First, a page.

I have often bemoaned that Mary Todd Lincoln has always been made to be the most…frustrating character in a book or the most misunderstood. In this book, I found her to be lacking slightly, but I enjoyed her far more than I did in other tomes. I wish Ms. Higginbotham had gone more in-depth, giving Mary more of a fleshing out, if that makes sense. I feel we got a sense of Mary and Emily, but we never got to know them entirely. I feel this to be a sad thing; because I wanted to get to know them more. There was a lot of room for that.
Still. we see the struggles each woman faces, not very different from everyone else at the time, though Mary’s loss is particularly hard. I know that I made it sound like Mary turned her back on her family, she did not. She worried after them but had little contact. Besides, if she were seen to have loyalty to the South still, what message would that send? She was already not the most popular.
Regardless, this is a good read and a bit of a quick one, though I admit the story stayed with me. I often wonder how I would have survived during the War and how I’d have felt if my family declared loyalties to the opposing side. I think that’s something that everyone else might feel too. I hope Ms. Higginbotham continues writing novels set during the Civil War; I am enjoying them. Hanging Mary, about Mary Surratt, was particularly good.
Susan Higginbotham is the author of seven historical novels, including Hanging Mary, The Stolen Crown, and The Queen of Last Hopes. The Traitorâ€™s Wife, her first novel, was the winner of ForeWord Magazineâ€™s 2005 Silver Award for historical fiction and was a Gold Medalist, Historical/Military Fiction, 2008 Independent Publisher Book wards. She writes her own historical fiction blog, History Refreshed. Higginbotham has worked as an editor and an attorney, and lives in Maryland with her family.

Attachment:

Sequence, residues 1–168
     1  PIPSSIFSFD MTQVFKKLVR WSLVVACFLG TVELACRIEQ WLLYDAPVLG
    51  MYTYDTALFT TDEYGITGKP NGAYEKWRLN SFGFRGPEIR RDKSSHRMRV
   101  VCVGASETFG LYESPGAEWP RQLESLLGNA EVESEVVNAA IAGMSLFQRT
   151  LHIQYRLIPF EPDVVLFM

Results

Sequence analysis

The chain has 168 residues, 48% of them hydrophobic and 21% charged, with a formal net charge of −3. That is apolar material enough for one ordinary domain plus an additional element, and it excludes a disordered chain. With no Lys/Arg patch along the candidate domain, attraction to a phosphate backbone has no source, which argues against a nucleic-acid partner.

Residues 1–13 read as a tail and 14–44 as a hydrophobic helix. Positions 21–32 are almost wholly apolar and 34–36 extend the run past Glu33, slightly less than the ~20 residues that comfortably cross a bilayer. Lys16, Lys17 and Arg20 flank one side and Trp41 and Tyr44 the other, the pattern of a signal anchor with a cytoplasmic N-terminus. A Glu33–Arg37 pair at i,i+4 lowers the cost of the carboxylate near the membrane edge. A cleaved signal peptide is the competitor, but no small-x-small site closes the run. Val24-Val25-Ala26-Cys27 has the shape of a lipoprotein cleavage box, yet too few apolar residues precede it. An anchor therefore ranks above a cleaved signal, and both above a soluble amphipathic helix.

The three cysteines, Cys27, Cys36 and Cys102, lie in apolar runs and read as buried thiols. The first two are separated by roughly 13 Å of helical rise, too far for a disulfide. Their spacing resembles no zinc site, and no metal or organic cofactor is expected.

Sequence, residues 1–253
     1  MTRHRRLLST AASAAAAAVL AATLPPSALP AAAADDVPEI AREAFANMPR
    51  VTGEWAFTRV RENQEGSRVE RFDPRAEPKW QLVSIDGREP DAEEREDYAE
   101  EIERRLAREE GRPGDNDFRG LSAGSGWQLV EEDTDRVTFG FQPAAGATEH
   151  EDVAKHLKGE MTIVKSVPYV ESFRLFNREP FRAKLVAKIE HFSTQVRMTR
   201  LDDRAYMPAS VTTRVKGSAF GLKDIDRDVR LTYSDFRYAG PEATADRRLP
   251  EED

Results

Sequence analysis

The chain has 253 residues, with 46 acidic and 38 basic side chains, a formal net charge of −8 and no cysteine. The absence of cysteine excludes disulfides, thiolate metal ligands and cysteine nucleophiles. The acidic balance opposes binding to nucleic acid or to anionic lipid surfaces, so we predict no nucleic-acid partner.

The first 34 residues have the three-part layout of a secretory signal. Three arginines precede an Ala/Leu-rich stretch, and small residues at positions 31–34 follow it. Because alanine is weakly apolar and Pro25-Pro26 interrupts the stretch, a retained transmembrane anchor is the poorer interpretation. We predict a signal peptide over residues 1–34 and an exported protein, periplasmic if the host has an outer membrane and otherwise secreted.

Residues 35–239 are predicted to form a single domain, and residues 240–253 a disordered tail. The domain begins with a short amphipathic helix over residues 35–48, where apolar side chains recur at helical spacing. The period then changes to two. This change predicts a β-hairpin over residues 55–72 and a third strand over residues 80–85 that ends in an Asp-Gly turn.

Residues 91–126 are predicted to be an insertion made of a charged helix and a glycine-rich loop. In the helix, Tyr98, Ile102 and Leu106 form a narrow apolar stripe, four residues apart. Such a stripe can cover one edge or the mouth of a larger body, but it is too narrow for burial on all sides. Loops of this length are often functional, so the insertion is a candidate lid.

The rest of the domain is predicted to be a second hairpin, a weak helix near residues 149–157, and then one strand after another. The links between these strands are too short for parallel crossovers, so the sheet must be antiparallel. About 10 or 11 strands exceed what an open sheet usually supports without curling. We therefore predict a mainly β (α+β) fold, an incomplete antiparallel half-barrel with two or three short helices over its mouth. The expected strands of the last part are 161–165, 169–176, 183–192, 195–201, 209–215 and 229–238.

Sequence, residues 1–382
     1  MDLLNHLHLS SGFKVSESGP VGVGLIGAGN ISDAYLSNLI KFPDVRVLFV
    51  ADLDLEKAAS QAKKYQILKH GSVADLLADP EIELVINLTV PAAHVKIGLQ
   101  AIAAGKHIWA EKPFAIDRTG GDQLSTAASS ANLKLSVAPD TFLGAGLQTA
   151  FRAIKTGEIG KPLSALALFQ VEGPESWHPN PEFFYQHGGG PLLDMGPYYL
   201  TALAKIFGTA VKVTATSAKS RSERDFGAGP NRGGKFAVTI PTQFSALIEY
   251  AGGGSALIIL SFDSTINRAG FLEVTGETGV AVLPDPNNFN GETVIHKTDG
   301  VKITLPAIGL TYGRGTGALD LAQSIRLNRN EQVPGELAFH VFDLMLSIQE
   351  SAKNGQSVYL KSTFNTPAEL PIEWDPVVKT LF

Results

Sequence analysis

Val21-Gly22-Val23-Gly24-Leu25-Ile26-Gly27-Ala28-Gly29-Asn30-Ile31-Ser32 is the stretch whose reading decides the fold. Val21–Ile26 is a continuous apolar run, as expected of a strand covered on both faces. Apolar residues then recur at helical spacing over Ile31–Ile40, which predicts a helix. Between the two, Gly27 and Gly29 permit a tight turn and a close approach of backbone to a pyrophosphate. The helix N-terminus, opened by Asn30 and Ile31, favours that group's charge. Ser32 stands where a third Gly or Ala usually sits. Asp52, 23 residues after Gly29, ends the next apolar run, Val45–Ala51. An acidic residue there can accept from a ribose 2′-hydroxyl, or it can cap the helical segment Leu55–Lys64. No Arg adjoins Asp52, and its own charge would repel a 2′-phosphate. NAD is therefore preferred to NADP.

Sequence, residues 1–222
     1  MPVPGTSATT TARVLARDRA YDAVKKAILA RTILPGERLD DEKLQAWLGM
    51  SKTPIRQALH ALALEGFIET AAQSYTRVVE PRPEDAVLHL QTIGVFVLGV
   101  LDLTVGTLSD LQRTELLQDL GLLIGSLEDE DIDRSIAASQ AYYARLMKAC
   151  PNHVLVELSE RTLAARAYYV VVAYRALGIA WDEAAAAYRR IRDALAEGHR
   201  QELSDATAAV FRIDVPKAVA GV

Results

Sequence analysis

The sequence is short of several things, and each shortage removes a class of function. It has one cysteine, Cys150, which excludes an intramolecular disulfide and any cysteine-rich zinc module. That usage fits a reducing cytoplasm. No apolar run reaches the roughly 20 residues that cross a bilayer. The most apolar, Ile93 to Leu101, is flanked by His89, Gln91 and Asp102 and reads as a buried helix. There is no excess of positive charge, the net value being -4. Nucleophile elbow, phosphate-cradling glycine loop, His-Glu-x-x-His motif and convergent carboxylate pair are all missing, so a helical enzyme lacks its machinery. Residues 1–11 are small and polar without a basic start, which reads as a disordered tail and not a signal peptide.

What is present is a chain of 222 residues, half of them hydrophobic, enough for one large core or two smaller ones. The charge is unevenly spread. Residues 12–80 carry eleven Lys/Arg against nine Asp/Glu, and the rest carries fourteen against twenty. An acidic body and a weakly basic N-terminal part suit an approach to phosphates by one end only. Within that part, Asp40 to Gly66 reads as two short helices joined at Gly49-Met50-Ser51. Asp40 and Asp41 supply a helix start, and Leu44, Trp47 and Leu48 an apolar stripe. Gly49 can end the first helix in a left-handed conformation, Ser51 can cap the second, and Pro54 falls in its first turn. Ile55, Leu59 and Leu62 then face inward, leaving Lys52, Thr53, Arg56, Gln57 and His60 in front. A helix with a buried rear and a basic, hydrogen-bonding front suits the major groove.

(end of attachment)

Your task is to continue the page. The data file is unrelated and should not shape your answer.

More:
Blog Tour Schedule
Tuesday, October 1
Review at Gwendalyn’s Books
Friday, October 4
Review at Donna’s Book Blog
Saturday, October 5
Review at So Many Books, So Little Time
Tuesday, October 8
Review at The Lit Bitch
Wednesday, October 9
Review at Just One More Chapter
Thursday, October 10
Review at Unabridged Chick
Saturday, October 12
Review at Jorie Loves a Story
Tuesday, October 15
Review at Passages to the Past
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We think of Mary Todd as the wife of Abraham Lincoln, so it may come as a surprise to you that for a while during their courtship, it appeared that the lovers would go their separate ways.
Mary Todd left her home in Lexington, Kentucky, in 1839, to pay an extended visit to her married sister Elizabeth Edwards in Springfield, Illinois. Such visits were common: it gave the married sister companionship and help around the house, and it gave the unmarried sister an opportunity to expand her circle of acquaintances, particularly of the male variety. A prairie town that was still raw around the edges, Springfield had recently been made the state capital, although it was hardly a prepossessing one at the time. There, Mary met Abraham Lincoln, a legislator who had a law practice in Springfield, and soon she and Lincoln were courting, despite his legendary awkwardness among women. But in 1841–probably on New Year’s Day–the couple broke up.
To this day, no one is sure what caused Abraham and Mary to part company. Both, like proper Victorians, maintained a discreet silence on the matter, at least in public, and their confidantes likewise kept their counsel. After Lincoln’s death, however, when every detail of his private life became of intense interest, speculation was rife. Some believed that Lincoln had fallen in love with Matilda Edwards, a cousin of Mary who was visiting in Springfield; others thought that Mary had been flirting with other men. One version of the story even had Lincoln failing to show up for his wedding, leaving a weeping Mary alone at the altar.